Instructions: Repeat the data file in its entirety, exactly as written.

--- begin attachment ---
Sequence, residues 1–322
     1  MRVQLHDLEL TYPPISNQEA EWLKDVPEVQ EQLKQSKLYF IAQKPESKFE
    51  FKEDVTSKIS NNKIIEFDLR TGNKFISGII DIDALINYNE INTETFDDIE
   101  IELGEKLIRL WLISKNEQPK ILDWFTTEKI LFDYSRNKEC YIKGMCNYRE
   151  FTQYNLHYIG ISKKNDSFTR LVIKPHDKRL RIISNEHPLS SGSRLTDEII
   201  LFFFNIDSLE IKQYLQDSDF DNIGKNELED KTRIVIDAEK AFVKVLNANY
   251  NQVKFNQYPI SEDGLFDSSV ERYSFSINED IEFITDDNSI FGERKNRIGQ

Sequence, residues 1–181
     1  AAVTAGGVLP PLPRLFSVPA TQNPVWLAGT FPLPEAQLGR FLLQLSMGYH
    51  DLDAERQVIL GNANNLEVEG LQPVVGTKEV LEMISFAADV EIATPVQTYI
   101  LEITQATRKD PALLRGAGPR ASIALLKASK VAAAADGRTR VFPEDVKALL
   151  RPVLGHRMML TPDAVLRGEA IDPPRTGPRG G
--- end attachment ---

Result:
Sequence, residues 1–322
     1  MRVQLHDLEL TYPPISNQEA EWLKDVPEVQ EQLKQSKLYF IAQKPESKFE
    51  FKEDVTSKIS NNKIIEFDLR TGNKFISGII DIDALINYNE INTETFDDIE
   101  IELGEKLIRL WLISKNEQPK ILDWFTTEKI LFDYSRNKEC YIKGMCNYRE
   151  FTQYNLHYIG ISKKNDSFTR LVIKPHDKRL RIISNEHPLS SGSRLTDEII
   201  LFFFNIDSLE IKQYLQDSDF DNIGKNELED KTRIVIDAEK AFVKVLNANY
   251  NQVKFNQYPI SEDGLFDSSV ERYSFSINED IEFITDDNSI FGERKNRIGQ

Sequence, residues 1–181
     1  AAVTAGGVLP PLPRLFSVPA TQNPVWLAGT FPLPEAQLGR FLLQLSMGYH
    51  DLDAERQVIL GNANNLEVEG LQPVVGTKEV LEMISFAADV EIATPVQTYI
   101  LEITQATRKD PALLRGAGPR ASIALLKASK VAAAADGRTR VFPEDVKALL
   151  RPVLGHRMML TPDAVLRGEA IDPPRTGPRG G